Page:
While the property north of MacArthur Drive for the length of the project lies within the Pinehurst city limits and the property on the south side of MacArthur is in West Orange, the street, itself, is in the City of Orange limits.

However, streetlights fall under the jurisdiction of TxDOT, which is responsible for maintenance of MacArthur Drive since it’s actually a state highway, Texas Highway 87.

“To me, if they don’t include lighting you’re going to have more problems with pedestrians and cars than they do now,” Pinehurst Mayor Dan Mohon said.

“And if they’re only going to do a sidewalk, it looks to me like they could do it without taking away a traffic lane.”

Currently, the section of roadway under discussion is more than 100 feet across and has only a yellow blinking light crosswalk on the west side of the intersection between MacArthur and Henrietta, site of the Granger Chevrolet showroom.

Anyone crossing the street has a hurried walk of 30-plus yards across oncoming traffic traveling 40 and 45 miles per hour, a trip that would be shortened by a few seconds if two traffic lanes were removed.

Today, MacArthur has three eastbound lanes and three westbound lanes with a left-turn lane in the middle and wide shoulders on either side.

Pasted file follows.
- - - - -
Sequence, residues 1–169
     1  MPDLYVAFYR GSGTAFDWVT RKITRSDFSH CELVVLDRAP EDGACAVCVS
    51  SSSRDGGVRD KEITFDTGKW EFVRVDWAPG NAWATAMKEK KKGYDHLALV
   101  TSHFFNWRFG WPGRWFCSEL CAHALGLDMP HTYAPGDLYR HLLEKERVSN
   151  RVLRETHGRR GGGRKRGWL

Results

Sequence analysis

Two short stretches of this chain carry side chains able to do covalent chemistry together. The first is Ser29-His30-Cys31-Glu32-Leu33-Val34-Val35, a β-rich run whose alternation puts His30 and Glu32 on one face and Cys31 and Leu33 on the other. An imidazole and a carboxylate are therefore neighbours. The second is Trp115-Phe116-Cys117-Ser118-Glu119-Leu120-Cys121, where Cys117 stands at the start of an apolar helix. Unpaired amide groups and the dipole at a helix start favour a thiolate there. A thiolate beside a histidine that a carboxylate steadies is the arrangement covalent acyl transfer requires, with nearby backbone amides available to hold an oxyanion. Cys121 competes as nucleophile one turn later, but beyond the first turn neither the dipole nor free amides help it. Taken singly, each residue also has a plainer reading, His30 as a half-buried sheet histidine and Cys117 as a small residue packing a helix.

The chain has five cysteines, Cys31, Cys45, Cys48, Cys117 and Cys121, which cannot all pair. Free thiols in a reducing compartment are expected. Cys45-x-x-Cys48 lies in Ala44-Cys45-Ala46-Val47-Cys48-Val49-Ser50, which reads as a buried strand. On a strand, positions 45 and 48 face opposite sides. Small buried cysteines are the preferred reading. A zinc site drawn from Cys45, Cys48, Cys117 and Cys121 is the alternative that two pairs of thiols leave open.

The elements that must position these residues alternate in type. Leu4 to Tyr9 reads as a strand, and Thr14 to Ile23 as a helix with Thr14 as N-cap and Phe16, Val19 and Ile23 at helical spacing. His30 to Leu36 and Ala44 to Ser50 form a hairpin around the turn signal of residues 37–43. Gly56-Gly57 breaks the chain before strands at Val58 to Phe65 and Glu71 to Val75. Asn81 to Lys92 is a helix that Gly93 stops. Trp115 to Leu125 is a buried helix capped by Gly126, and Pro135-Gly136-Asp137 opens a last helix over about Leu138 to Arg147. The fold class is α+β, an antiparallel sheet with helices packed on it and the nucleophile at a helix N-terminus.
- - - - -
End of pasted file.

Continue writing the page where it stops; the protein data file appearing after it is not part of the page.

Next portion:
TxDOT’s plan calls for two 12-foot wide vehicle lanes on either side of a 14-foot center lane “left turn bay.” Outside the main east- and westbound traffic lanes would be 10-foot shoulders. Then, there would be four feet outside those set aside for “buffer” lanes with “tuff curb and flex delineators,” then 8-foot wide sidewalks.

Tuff curbs are short yellow risers, approximately 6 inches wide by 3 or 4 inches tall, and they’re designed to hold flex delineators, which are spring resistant poles 3 to 4 feet tall covered with reflectors and designed to separate traffic.

Additionally, the design will use overhead crossing warning signs at the intersections of MacArthur and Henrietta and MacArthur and Donnel, near Papa John’s Pizza, and “truncated domes” to mark those crosswalks for the visually impaired.

Truncated domes are yellow warning tiles now required by the Americans with Disabilities Act.

“I guess it all depends on who you ask,” Kunst, the Orange city manager, said when asked if it was a good trade off to give up two traffic lanes to add sidewalks.